The February newsletter from the Institute of Bau-Biologie arrived in the Inbox this morning and it contains a rather damning article about the hidden dangers of CFL’s. In my profession of lighting designer I’ve been aware of this for quite some time and there has been much discussion in the industry as to whether they are actually more efficient in real terms than conventional sources (in general the answer is a resounding NO – they cost more to produce, they perversely put more strain on power generation, they are highly polluting if not disposed of properly etc.).
This article by Diana Schultz focuses mainly on the health hazards relating to breakage of the lamps and the subsequent release of vaporised mercury into the atmosphere. The Environmental Protection Agency in the States has released some guidelines for lamp disposal and cleaning up mercury spills from broken lamps that are pretty extreme and involve evacuating the house for a period of time and cutting out pieces of carpet if they are contaminated!
Manufacture of these units is also very hazardous and the risks of mercury poisoning are high. Most of them are made in China, and there are reports of workers dying from the toxic effects of mercury exposure.
Needless to say, these lamps should be carefully recycled by an appropriate facility; but how many councils in the UK are equipped to deal with this? How many consumers are prepared to make the effort to return their used CFLs to a recycling centre? Most people will simply dispose of them with the rest of their rubbish, which means that our waste dumps are going to be leaking mercury into the local water tables. There isn’t a lot of Mercury in a CFL – about 5mg or so – but in a municipal waste tip that will soon add up.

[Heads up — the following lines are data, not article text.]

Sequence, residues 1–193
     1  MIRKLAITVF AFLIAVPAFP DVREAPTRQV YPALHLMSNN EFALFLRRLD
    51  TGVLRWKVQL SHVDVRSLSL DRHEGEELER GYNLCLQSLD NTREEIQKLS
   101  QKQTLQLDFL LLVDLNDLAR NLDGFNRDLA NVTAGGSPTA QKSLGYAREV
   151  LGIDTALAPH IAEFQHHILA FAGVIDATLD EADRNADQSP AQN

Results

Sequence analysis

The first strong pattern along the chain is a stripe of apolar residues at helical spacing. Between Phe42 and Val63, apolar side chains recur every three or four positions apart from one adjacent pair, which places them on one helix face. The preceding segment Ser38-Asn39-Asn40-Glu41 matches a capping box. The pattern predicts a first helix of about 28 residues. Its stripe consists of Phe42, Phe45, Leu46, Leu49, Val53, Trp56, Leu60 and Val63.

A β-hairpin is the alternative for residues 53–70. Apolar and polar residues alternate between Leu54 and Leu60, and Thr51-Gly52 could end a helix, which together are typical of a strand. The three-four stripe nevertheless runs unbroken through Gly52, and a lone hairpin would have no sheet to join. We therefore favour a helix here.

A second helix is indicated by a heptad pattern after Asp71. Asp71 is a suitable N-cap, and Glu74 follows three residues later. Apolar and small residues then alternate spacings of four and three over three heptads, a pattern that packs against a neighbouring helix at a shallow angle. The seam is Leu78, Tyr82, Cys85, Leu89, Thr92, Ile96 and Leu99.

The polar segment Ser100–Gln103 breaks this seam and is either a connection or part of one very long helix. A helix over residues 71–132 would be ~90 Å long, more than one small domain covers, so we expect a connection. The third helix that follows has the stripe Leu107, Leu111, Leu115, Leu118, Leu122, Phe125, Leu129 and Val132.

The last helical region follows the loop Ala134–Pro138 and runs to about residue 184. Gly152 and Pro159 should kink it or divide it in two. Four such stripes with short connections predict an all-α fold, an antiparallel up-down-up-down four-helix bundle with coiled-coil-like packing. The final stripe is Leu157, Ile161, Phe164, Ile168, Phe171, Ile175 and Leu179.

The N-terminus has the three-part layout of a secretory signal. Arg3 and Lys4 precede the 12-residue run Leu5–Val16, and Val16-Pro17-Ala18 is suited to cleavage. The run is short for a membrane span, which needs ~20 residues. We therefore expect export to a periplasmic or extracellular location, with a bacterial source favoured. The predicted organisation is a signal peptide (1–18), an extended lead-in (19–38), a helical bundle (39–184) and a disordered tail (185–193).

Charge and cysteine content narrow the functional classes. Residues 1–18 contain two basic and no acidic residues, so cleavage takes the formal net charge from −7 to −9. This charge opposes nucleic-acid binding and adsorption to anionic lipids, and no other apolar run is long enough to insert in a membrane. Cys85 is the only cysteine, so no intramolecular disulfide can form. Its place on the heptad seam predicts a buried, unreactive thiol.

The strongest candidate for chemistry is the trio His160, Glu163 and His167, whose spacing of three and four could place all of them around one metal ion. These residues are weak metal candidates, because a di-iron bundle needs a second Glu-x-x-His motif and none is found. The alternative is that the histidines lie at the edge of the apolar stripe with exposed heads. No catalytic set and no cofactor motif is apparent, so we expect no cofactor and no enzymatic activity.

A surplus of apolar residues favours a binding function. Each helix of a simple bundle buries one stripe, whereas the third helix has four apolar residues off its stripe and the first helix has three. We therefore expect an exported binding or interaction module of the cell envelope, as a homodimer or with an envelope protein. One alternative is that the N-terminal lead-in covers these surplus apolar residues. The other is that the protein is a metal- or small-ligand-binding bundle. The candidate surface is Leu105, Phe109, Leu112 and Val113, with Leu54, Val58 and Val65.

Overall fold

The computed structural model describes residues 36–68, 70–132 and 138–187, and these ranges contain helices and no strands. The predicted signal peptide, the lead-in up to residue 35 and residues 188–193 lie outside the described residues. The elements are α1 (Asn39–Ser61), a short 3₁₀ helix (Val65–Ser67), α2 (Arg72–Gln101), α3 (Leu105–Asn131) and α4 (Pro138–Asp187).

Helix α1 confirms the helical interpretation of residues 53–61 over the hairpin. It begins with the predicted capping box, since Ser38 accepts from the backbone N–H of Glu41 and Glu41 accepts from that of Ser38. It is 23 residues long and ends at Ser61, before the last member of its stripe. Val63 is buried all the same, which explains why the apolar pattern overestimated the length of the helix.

The other issue surrounding CFL’s is the actual light quality from them. Many people are sensitive to the high-frequency flickering that the lamps produce and experience headaches and eyestrain. Incandescent bulbs don’t have this flickering problem as the filament (which is essentially a burning piece of metal) damps down the cycling of the mains electricity. Fluorescents on the other hand, have to incorporate some electronic circuitry that actually makes them flicker many hundreds of times faster than the 50 Hertz (in the UK) of our mains electricity so that we don’t notice it. That’s the theory at least – yet many people do still notice it, and are affected by it.
Fluorescents also emit a narrower spectrum of light compared to an incandescent, which is why some people find it harder to read under fluorescent lighting. CFLs are improving as manufacturers experiment with different coatings and enclosures, but this is always going to be a problem.
Light-Emitting Diode (LED) technology is coming on leaps and bounds and every year brighter and more efficient LED sources appear; but we still have a few years to go before they will be replacing the main light sources in our homes.